It was a big leap of faith for me to even apply, but I'm so glad I did. The past three and a half weeks, I've learned more about myself, my own teaching style, and the profession as a whole than I ever would have locked up in my own little classroom.
It's really made me think about how often teachers get an opportunity to watch each other. Those of us familiar with the MTBoS tend to feel more connected, because we read and watch what each others do with their students. I've learned though, that so many teachers DON'T spend time online connecting with peers. We're the rarity. MOST teachers instead learn of new ideas from their school based peers.
When I was in the classroom, I was constantly sharing ideas I had found. In fact, it was a completely normal thing for me to burst into a coworker's room during our common planning period, and to say something like, "Check out this amazing (fill in activity/idea/resource here)" on a near daily basis. I'm an idea gatherer.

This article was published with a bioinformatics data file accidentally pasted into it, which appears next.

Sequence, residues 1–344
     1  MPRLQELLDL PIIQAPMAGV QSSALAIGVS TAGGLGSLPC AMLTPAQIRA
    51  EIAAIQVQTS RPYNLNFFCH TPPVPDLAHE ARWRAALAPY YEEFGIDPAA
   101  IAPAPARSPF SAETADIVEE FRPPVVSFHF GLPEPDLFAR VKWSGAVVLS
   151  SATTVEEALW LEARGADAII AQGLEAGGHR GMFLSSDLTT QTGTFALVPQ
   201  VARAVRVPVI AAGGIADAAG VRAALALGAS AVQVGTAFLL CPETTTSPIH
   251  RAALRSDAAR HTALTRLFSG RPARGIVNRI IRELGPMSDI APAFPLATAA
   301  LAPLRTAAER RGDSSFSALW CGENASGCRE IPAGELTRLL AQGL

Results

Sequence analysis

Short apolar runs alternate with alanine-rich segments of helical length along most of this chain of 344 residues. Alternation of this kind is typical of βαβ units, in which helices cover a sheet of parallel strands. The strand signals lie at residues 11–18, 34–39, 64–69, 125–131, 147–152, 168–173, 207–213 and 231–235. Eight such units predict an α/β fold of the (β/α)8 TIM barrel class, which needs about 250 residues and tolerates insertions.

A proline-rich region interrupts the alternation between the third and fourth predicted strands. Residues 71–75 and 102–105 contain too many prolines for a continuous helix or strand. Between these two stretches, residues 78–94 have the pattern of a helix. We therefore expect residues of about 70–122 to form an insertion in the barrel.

I want other teachers to be able to experience that rush of inspiration that happens when you can see a new way to connect students with content. That's the feeling that keeps good teachers from feeling burned out (or at least, it does most of the time).
So I'll end with a few questions I'm pondering today:
- How can we, as teachers, show each other our classrooms in more tangible ways? How can we give each other a better picture of how a lesson went, how our students interacted with the material, or how our energy/style gave the lesson a certain flair that increased engagement and retention?
- As I've done hundreds of walkthroughs over the past (almost) month, I've noticed the significant impact that a teacher's questioning style has during a lesson (especially during direct instruction). How can we share this very subtle art with each other in order to improve?
- How can we, as the online-engaged, blog-reading, globally-connected teachers encourage others to reach out, and engage?